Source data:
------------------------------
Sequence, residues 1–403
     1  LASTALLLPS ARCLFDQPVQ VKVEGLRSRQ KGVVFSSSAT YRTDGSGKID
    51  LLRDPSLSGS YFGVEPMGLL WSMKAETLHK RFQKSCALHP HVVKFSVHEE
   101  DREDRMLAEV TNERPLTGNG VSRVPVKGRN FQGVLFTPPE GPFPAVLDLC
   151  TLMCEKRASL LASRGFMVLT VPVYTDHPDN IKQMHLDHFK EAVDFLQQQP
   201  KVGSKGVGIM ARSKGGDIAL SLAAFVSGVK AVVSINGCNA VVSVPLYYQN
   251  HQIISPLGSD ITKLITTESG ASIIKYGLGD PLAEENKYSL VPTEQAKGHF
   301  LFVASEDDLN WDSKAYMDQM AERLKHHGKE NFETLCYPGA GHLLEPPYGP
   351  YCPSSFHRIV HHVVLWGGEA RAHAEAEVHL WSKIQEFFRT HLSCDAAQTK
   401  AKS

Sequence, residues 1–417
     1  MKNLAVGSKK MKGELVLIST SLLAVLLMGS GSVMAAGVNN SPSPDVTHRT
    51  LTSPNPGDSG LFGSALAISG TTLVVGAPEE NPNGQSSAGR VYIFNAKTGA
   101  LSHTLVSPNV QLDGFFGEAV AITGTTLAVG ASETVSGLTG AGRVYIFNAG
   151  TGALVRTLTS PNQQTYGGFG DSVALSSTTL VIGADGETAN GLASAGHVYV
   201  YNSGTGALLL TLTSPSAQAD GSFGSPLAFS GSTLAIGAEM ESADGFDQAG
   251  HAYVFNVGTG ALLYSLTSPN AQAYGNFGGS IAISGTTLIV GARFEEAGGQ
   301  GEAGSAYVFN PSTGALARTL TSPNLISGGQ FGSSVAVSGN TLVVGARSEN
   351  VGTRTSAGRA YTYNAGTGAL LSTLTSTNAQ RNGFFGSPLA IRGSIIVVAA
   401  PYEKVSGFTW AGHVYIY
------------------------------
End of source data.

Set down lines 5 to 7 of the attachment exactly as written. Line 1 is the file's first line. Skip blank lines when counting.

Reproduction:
   151  TLMCEKRASL LASRGFMVLT VPVYTDHPDN IKQMHLDHFK EAVDFLQQQP
   201  KVGSKGVGIM ARSKGGDIAL SLAAFVSGVK AVVSINGCNA VVSVPLYYQN
   251  HQIISPLGSD ITKLITTESG ASIIKYGLGD PLAEENKYSL VPTEQAKGHF